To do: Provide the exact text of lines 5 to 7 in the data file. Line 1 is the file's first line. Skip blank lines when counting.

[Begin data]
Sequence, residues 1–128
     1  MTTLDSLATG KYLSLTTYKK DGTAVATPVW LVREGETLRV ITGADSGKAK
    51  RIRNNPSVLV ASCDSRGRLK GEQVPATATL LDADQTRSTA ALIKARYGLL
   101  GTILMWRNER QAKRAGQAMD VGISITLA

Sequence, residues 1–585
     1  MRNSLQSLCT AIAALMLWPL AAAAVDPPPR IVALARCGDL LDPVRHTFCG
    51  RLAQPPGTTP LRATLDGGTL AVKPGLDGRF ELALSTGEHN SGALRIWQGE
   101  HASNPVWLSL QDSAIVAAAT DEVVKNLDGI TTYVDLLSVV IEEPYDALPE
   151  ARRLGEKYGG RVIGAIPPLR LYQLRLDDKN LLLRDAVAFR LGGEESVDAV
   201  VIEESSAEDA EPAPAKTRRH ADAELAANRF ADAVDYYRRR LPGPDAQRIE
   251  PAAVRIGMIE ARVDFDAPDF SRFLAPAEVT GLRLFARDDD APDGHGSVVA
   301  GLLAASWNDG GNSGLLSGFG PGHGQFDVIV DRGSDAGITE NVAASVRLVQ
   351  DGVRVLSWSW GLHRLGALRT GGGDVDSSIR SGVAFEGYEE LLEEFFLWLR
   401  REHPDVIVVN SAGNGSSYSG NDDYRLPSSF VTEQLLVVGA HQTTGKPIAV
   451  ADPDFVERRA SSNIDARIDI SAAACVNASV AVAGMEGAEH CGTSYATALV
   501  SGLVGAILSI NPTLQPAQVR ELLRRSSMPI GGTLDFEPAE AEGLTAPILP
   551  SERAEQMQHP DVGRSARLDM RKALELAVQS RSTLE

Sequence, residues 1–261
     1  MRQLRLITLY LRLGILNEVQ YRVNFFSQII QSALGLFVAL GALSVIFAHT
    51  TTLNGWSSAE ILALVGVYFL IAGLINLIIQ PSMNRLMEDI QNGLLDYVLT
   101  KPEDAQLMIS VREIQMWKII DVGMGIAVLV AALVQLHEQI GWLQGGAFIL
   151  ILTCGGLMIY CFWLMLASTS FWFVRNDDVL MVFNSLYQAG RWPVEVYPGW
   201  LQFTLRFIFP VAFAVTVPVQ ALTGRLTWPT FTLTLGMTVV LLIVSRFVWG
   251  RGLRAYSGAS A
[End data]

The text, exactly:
Sequence, residues 1–585
     1  MRNSLQSLCT AIAALMLWPL AAAAVDPPPR IVALARCGDL LDPVRHTFCG
    51  RLAQPPGTTP LRATLDGGTL AVKPGLDGRF ELALSTGEHN SGALRIWQGE